Composition Pedagogy

My approach to composition pedagogy emphasizes enabling students to gain access to the academy through teaching them genres of power. I utilize a pedagogical structure based on the Sydney school of genre theory. This pedagogy is versatile and can be adapted to many different writing curricula–I have used it at the R1 and two community colleges where I have taught. In my composition classes, students first build background knowledge on a target genre, focusing on its purpose and audience, through discussion and lecture. Next, we analyze a sample text written in the target genre. This involves guided annotation activities focusing on the stages of the genre and the language used in each stage of the genre. Thirdly, we compose a text in the target genre as a class, with the students actively proposing phrases and sentences and another student serving as the class scribe. Finally, students write their own text in the target genre, with support through a writing workshop and individual conferencing. This sequence scaffolds student understanding and competency in genres that will empower them to achieve their goals in the academy. Students have reported that they find the approach to be practical and that it gives them confidence to write in new genres.

In providing what genre theorist Jim Martin calls “guidance through interaction in the context of shared experience,” my students are able to write in complex academic genres. The joint composition exercise, where the class writes a text in the target genre, has given my students confidence in their ability to tackle academic genres such as annotated bibliographies, literature reviews, and even full primary research articles. The “shared experience” that the students write about is often the college writing itself, drawing from Wardle and Downs’s Writing about Writing orientation. At other times, I have had students produce a literacy ethnography as a class by studying the college library as a site of literacy practices.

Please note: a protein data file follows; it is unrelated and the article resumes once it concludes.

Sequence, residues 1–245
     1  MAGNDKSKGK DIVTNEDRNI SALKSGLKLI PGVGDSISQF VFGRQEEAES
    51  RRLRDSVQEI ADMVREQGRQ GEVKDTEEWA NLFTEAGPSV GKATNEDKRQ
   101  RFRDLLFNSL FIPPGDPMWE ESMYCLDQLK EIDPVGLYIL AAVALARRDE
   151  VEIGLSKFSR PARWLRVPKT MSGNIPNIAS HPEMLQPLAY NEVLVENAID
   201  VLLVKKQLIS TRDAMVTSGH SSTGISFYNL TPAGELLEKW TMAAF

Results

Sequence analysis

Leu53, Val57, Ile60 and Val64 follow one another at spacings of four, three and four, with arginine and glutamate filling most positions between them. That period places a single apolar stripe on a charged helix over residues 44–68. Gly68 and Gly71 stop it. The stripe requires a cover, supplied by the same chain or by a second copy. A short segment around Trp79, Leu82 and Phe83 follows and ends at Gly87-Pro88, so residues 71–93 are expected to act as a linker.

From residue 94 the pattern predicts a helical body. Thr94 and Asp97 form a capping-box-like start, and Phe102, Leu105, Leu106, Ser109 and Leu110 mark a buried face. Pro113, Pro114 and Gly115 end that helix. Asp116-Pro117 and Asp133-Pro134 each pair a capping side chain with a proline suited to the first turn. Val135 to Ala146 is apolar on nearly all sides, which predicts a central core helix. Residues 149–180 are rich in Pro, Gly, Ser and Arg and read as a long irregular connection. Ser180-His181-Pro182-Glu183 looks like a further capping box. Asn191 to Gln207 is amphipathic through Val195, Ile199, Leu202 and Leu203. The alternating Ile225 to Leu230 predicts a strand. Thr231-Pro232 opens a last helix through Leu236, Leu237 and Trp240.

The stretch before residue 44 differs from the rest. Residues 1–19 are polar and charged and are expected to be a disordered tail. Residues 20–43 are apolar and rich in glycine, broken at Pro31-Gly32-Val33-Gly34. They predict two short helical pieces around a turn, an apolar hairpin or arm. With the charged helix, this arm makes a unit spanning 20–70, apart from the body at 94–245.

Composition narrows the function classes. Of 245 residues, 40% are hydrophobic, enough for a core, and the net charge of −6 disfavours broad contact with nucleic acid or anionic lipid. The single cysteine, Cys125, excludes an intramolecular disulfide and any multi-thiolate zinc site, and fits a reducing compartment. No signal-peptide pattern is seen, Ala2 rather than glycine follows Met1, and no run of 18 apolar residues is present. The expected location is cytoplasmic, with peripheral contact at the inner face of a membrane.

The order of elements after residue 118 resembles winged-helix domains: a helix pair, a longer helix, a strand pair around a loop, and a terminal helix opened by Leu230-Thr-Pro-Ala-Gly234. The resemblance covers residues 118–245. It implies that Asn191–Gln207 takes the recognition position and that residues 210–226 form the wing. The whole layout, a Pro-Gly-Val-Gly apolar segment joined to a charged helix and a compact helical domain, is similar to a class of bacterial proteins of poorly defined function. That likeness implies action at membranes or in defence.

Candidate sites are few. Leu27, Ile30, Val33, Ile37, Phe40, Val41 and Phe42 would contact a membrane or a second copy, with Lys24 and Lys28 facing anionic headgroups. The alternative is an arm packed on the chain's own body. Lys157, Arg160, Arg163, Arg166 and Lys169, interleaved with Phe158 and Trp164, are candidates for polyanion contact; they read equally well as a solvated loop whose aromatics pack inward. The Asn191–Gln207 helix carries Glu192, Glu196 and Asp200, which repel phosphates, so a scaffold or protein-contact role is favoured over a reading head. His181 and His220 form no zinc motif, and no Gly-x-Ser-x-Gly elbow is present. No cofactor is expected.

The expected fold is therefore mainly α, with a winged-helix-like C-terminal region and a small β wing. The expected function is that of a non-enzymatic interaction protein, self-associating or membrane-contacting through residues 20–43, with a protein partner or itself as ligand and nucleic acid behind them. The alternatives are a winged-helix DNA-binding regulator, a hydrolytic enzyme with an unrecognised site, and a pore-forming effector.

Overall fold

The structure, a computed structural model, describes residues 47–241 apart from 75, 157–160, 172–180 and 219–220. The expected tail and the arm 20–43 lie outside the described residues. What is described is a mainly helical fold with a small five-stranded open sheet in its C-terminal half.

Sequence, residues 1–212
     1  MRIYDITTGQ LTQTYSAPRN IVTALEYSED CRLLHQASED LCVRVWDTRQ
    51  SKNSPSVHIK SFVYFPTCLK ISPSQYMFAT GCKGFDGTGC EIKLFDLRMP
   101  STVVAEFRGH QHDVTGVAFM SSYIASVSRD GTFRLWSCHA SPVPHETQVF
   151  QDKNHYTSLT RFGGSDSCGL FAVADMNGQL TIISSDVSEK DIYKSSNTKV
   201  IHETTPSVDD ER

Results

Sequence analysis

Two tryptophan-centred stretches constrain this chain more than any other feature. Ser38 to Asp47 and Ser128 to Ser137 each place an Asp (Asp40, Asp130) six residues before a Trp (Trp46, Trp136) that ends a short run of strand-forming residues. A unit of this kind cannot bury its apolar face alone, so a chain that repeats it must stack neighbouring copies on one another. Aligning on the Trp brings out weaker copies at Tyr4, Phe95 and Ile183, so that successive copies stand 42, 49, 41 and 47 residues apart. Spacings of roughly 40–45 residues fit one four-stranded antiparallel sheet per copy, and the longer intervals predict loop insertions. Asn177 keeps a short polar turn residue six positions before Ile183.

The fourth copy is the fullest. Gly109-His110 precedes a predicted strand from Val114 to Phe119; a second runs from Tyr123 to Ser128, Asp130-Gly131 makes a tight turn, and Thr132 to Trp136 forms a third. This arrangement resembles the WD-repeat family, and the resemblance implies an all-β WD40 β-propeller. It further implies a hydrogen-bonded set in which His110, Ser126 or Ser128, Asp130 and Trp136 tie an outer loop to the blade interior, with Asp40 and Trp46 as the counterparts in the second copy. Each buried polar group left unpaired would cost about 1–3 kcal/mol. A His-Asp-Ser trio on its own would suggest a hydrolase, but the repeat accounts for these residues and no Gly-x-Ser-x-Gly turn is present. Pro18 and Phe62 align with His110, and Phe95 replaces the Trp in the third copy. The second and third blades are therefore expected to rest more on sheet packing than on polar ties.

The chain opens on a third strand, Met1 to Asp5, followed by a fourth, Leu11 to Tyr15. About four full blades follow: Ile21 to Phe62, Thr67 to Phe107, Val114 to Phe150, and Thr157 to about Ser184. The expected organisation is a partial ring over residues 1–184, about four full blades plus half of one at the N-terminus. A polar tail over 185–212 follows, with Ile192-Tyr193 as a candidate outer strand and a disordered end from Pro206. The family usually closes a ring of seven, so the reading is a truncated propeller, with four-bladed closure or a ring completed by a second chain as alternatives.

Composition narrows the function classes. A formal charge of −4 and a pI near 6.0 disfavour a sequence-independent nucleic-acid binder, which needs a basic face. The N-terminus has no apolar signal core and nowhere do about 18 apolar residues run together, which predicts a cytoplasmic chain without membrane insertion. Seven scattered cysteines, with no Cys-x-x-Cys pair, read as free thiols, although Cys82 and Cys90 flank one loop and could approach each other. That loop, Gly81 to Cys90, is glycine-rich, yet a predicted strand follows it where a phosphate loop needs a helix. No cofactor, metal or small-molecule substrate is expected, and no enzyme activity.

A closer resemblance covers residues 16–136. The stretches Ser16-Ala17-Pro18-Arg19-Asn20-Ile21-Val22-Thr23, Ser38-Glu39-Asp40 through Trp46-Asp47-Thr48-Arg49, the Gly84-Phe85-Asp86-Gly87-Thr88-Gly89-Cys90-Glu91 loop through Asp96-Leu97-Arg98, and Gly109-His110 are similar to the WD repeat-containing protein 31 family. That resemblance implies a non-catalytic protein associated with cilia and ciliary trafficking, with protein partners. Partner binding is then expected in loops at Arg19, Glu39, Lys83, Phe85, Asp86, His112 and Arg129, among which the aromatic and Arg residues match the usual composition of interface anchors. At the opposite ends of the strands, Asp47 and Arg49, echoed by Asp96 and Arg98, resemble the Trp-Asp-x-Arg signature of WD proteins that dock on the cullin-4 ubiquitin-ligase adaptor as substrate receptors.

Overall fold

Because writing is facilitated through technology, I have always leveraged the most relevant and most recent technologies for achieving my student’s educational objectives. In my guided annotation activities which facilitate students’ learning of the staging and language expectations of a new genre, I have projected our common model texts onto a whiteboard and annotated the text, highlighting each stage of the genre. Then students work in groups to annotate specific language features of their own copies. Finally, I use their reported annotations, mark them on the common text projected on the whiteboard, and engage them in discussion about function of each of the language features.

I use digital technologies to mediate the writing process, often in innovative ways. On one occasion when I was away at a conference, I meet with students via BlackBoard instant messaging to discuss research papers they were writing. Because the time the class was scheduled coincided with my travel time to the conference, I managed the instant messaging discussions on my laptop via mobile hotspot on the highway while a colleague drove. This demonstrates my commitment to supporting students by leveraging the power of technology to meet them in any way possible.


My practice of teaching is grounded in respect for every student and their background; support through scaffolding, expert guidance, and building community; and engagement through common goals and experiences in the classroom so that all students can learn and achieve their potential.


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